Robert Horvath, a specialist on Russian politics at La Trobe University in Melbourne, wrote the following op-ed in August 2008, at the outbreak of the Russo-Georgian War. It is as relevant now as it was then.
Horvath wrote: Perhaps the worst thing about the anti-American left is not its prejudices but its parochialism. Fixated upon the evils of US global hegemony, its publicists turn a blind eye to the imperialism of regimes opposed to that hegemony.
Consider this analysis by Guardian columnist Seumas Milne: “By any sensible reckoning, this is not a story of Russian aggression, but of US imperial expansion and ever tighter encirclement of Russia by a potentially hostile power.”
To deny that Russian imperialism is shaping the events unfolding in the Caucasus is to ignore the public pronouncements of Russian leaders and the climate of nationalist hysteria that permeates the Russian media. Within hours of his arrival in Vladikavkaz last week, Vladimir Putin boasted that Russia “for centuries” played a “positive, stabilising role (as) a guarantor of the security, progress and co-operation” in the Caucasus and “would remain so in the future”.
That confident affirmation of Russia’s imperial destiny is a tribute to the achievements of a decade of nationalist propaganda in the state-controlled media. No longer is public opinion agitated by the memory of Russia’s 19th-century conquest of the Caucasus, Stalin’s genocidal deportations, and the two brutal Chechen wars. As human rights activist Sergei Kovalev has lamented, the regime’s tribunes “have drummed the values of the imperial state into the social mind”.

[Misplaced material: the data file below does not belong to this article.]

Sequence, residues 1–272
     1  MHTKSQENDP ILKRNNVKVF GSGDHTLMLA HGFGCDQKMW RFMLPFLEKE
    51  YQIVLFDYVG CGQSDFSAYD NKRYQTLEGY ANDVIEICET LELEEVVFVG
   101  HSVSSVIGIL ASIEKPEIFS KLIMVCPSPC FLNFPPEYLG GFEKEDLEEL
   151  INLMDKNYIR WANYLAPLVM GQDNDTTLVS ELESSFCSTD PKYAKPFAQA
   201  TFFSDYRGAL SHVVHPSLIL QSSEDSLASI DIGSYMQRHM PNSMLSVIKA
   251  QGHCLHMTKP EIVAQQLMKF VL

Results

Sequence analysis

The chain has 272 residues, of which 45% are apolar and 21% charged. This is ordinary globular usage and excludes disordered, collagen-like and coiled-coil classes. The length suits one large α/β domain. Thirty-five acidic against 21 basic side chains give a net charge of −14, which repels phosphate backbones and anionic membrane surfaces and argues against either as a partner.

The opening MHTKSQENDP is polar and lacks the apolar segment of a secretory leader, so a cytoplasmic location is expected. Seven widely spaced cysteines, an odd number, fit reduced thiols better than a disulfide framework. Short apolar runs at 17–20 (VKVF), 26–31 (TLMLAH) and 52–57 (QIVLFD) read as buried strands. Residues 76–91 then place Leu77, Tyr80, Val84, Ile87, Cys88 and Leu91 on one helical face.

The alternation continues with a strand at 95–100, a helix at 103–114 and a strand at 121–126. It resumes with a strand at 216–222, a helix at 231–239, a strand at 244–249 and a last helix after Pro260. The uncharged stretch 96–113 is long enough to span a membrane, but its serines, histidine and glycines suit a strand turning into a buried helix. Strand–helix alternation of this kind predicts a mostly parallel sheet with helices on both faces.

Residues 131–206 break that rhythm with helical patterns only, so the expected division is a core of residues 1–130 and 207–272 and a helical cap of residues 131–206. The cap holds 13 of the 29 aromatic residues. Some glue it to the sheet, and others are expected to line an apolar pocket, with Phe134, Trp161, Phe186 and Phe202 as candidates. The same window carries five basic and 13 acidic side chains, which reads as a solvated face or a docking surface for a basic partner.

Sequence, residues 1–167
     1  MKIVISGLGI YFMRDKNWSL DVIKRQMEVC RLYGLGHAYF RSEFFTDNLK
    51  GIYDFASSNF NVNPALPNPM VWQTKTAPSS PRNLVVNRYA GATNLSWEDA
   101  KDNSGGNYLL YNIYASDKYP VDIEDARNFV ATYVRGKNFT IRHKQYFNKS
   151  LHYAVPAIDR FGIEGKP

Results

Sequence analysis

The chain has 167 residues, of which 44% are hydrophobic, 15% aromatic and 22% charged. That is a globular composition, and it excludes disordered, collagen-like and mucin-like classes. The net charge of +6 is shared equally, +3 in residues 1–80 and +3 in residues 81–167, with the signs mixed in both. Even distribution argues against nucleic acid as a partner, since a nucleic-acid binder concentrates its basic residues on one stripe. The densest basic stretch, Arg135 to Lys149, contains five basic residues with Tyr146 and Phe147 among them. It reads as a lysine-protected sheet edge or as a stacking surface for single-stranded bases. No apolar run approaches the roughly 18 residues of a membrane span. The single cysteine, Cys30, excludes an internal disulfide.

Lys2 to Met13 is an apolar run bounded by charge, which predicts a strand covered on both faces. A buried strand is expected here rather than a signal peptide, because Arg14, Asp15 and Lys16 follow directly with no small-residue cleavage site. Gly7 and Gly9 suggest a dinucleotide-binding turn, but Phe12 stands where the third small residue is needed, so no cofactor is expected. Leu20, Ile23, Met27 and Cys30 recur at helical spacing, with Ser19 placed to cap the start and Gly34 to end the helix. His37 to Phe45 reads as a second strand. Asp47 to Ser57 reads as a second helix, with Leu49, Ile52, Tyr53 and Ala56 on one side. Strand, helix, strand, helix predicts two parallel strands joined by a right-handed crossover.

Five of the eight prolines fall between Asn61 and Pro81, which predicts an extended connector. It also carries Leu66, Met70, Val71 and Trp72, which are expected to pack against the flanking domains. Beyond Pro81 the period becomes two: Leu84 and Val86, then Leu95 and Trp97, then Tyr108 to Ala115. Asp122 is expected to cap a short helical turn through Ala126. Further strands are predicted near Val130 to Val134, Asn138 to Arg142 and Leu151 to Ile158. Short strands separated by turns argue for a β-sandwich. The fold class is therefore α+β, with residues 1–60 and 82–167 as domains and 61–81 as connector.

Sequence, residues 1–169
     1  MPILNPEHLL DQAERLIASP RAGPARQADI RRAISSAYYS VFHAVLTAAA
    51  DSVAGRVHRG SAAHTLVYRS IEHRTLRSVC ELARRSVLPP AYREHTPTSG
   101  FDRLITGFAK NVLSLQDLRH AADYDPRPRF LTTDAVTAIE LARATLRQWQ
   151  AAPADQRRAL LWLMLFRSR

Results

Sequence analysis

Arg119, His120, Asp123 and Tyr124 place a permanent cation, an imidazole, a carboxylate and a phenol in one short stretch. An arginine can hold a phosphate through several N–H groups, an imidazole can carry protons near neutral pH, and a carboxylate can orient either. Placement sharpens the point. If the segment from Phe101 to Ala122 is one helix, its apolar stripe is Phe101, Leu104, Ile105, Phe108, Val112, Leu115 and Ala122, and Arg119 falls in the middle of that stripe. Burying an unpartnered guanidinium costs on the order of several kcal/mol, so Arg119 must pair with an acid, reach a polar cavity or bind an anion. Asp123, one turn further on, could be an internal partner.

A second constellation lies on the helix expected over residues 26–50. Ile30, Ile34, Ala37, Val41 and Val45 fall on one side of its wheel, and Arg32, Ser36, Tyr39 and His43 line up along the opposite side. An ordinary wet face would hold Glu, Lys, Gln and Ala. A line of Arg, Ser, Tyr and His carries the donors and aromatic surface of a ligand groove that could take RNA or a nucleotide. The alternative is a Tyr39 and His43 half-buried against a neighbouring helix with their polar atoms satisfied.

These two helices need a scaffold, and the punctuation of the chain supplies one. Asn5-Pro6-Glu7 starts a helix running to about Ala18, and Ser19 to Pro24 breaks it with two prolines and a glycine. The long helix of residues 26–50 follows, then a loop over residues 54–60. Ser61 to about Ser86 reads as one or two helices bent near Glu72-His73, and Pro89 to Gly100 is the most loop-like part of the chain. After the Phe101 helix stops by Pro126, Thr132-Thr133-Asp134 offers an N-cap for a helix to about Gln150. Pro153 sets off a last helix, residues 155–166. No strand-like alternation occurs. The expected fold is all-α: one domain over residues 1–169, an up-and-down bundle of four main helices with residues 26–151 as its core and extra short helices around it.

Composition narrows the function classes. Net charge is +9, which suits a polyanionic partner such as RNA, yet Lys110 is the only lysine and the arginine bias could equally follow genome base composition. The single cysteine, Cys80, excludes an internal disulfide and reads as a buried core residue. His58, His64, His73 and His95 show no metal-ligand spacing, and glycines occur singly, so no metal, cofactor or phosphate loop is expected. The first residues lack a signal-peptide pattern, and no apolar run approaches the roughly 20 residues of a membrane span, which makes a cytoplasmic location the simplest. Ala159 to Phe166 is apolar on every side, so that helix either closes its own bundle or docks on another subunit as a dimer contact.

This indoctrination was made possible by the subjugation of the mass media during Putin’s early years in power. As a result of the displacement of liberal journalists by “patriotic” ideologues, Russian television became a forum for the most improbable conspiracy theories, sneering contempt for the West, sycophantic adulation of Putin and the celebration of Russian military power. It also provided a platform for charismatic commentators such as Mikhail Leontev and Vladimir Solovev, vehement converts to the imperial idea.
The ascent of the new Russian imperialism is exemplified by the philosopher Aleksandr Dugin, who emerged in the radical nationalist underground of the late 1980s. Languishing at the margins of politics during the Yeltsin years, he adopted Eurasianism, an ideology formulated in the 1920s by Russian emigres and popularised in the late Soviet period by the historian Lev Gumilev.
For Eurasianists, Russia was a unique Slavic-Turkic civilisation of the steppe and the eternal enemy of decadent Europe. In Dugin’s reworking, Eurasianism became a justification for the resurrection of an empire on the ruins of the Soviet Union and for a struggle to the death against the Atlantic democracies. [Continue reading…]